Grand Canyon University: HIM-515 Foundations and Concepts of Healthcare Informatics June 20, 2012
Informatics Specialty Area and Interoperability
As the implementation of electronic health records (EHR) progress nationwide, the concepts of interoperability and health information exchange (HIE) must be discussed. The Healthcare Information and Management Systems Society (2005, p. 2) define interoperability as “the ability of health information systems to work together within and across organizational boundaries in order to advance the effective delivery of healthcare for individuals and communities.” Interoperability is the enabling of two systems, including those that do not share the same interfaces or functionalities, to share and exchange data. HIE is the actual process of the exchange of health data. Through the Health Information Technology for Economic and Clinical Health (HITECH) Act, the Office of the National Coordinator for Health Information Technology (ONC) created the State Health Information Exchange Cooperative Agreement Program, in which incentives are provided for HIE on a state level, across the United States. In this paper, the authors will describe interoperability within all groups (public, clinical, ancillary, software/medical device vendors and other health care informatics groups), discuss the potential benefits from exchanging information, outline the risks of exchanging data with partners, and describe a marketing approach that would encourage healthcare vendors to exchange data. Interoperability across the Continuum of Care
Healthcare interoperability is a fundamental requirement in the exchange of healthcare data between systems. Healthcare interoperability includes data exchange, infrastructure interoperability, user interface interoperability and process interoperability (Glaser, 2011). Healthcare providers need to have the ability to share medical records, prescription histories, lab results, imaging and clinical notes across the healthcare continuum. In the United States, Americans have the ability to choose their healthcare provider and where they chose to receive their healthcare services (Brailer, 2005). With choice comes fragmentation in care which results in duplication of services, errors, increased expense and a lack of continuity. The development of standards is essential; identified are the important standards: International Classification of Disease (ICD), Systematized Nomenclature of Medicine (SNOMED), Logical Observation Identifiers, Names, and Codes (LOINC), Health Level 7 (HL7), National EMS Information System (NEMSIS). Standards need to be developed to protect the patient’s privacy and to ensure that content is standard for all patients, every time. Currently, across the continuum of healthcare these standards can be overlapping and can have an inconsistent elemental design. Interoperability in operation will connect healthcare networks in real time across the continuum which will reduce errors, minimize duplication of services and decrease expenses. Benefits of Health Information Exchange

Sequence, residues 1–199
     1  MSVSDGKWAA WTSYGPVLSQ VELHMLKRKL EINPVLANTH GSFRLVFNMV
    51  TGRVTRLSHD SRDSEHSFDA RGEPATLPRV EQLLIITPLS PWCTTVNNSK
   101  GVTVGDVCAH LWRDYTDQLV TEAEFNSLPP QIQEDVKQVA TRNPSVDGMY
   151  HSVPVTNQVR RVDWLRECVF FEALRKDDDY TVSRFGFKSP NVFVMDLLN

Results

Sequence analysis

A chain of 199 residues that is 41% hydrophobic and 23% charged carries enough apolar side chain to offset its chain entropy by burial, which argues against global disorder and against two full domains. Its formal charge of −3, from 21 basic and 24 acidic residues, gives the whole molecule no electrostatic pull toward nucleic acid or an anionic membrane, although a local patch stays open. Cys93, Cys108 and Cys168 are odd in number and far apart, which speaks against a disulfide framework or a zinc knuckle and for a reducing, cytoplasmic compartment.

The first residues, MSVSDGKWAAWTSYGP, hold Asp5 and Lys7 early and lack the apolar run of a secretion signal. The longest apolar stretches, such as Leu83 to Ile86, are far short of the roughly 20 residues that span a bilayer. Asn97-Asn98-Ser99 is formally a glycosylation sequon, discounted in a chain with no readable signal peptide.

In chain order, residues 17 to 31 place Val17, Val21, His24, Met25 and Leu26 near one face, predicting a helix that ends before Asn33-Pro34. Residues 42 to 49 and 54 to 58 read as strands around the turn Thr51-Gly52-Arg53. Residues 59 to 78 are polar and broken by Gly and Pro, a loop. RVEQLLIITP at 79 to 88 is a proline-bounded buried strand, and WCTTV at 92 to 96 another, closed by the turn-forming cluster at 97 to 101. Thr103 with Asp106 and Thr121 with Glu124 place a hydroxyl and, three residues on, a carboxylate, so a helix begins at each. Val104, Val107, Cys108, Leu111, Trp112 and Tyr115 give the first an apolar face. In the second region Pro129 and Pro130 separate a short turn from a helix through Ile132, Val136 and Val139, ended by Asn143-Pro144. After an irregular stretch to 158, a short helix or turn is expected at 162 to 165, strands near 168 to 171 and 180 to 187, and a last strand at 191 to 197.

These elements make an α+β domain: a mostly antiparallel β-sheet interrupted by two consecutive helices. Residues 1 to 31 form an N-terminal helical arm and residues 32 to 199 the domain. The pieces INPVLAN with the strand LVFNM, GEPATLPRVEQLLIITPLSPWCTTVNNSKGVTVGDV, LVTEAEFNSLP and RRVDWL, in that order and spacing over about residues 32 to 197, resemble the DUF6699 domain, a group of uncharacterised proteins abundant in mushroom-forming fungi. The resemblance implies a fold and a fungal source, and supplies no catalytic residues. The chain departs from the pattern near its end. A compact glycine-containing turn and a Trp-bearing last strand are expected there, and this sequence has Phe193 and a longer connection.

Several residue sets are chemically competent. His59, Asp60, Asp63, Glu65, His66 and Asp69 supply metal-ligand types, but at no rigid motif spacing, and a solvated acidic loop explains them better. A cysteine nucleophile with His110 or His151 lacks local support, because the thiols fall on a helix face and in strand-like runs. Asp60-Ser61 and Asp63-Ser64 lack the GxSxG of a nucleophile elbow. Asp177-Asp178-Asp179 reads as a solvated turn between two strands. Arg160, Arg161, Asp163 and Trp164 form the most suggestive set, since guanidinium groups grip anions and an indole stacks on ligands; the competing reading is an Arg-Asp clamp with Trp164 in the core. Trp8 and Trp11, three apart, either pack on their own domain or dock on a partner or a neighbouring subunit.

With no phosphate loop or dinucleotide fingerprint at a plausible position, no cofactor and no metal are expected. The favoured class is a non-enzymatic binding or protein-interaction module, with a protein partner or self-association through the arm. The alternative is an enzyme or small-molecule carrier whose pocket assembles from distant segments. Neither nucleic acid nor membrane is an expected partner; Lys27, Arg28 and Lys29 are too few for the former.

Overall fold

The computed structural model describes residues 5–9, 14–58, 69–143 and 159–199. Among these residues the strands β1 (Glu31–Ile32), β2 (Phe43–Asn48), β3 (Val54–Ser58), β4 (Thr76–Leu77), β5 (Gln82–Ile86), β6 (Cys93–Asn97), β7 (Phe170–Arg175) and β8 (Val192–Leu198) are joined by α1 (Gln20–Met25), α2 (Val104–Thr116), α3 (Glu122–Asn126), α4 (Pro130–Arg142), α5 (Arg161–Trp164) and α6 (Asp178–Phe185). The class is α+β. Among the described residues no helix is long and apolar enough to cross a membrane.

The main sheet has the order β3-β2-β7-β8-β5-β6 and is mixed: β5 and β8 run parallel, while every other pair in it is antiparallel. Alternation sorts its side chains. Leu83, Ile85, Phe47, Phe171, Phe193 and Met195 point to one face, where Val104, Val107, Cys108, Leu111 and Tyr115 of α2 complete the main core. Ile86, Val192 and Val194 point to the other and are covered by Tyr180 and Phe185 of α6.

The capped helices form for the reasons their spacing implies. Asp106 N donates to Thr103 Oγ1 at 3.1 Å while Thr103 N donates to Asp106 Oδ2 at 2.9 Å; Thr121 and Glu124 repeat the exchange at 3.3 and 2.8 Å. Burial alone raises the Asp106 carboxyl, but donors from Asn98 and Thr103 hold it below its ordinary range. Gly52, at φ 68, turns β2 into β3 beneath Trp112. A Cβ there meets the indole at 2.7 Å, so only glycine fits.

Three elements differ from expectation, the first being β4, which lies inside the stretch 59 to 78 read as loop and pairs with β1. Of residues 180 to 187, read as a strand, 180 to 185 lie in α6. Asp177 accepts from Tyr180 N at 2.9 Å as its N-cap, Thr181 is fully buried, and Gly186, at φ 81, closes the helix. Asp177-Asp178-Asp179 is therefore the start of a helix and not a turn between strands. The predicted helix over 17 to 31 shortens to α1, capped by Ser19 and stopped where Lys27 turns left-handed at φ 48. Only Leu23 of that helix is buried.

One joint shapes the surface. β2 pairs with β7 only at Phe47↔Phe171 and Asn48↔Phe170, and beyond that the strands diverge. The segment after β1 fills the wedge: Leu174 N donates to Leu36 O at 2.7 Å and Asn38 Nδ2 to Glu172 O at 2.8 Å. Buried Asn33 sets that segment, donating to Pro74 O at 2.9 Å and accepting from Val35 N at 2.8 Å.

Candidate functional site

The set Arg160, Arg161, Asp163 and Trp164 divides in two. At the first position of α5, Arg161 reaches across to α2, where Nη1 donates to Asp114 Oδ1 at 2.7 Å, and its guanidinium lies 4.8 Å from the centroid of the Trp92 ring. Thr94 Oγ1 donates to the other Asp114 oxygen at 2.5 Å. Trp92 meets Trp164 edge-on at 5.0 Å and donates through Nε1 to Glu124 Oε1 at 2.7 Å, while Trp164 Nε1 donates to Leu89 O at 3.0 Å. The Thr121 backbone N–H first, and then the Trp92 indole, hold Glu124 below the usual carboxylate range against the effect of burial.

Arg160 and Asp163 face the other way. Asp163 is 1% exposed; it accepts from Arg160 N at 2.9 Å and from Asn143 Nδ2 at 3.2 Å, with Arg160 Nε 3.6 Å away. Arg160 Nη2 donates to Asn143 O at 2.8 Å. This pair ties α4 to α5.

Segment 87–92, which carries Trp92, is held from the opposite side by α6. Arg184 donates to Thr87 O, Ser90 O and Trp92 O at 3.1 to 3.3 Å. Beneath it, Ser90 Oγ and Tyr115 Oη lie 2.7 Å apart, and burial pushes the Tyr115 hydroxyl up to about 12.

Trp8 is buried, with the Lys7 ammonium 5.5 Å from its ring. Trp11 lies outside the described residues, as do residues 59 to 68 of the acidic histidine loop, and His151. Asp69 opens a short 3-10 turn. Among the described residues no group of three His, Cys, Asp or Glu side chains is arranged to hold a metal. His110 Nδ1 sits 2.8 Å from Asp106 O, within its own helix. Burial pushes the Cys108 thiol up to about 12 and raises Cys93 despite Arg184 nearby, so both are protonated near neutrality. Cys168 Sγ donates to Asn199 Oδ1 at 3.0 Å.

Health Information exchange provides benefits for all parties involved. One of the greatest concerns with the technology and patient health information is security. HIE allows for protection of health information. The sharing of health information electronically allows for information regarding access of health records. The access of health records is monitored and can include the person or persons that access the record, the date and time, and what information was accessed. This monitoring allows for an increased regulation in laws governing access to patient health information. Other benefits of HIE include access to health information in an emergency situation, the protection of health information in a disaster, decreased duplication of tests and orders, decreased medical errors, and improved continuity of...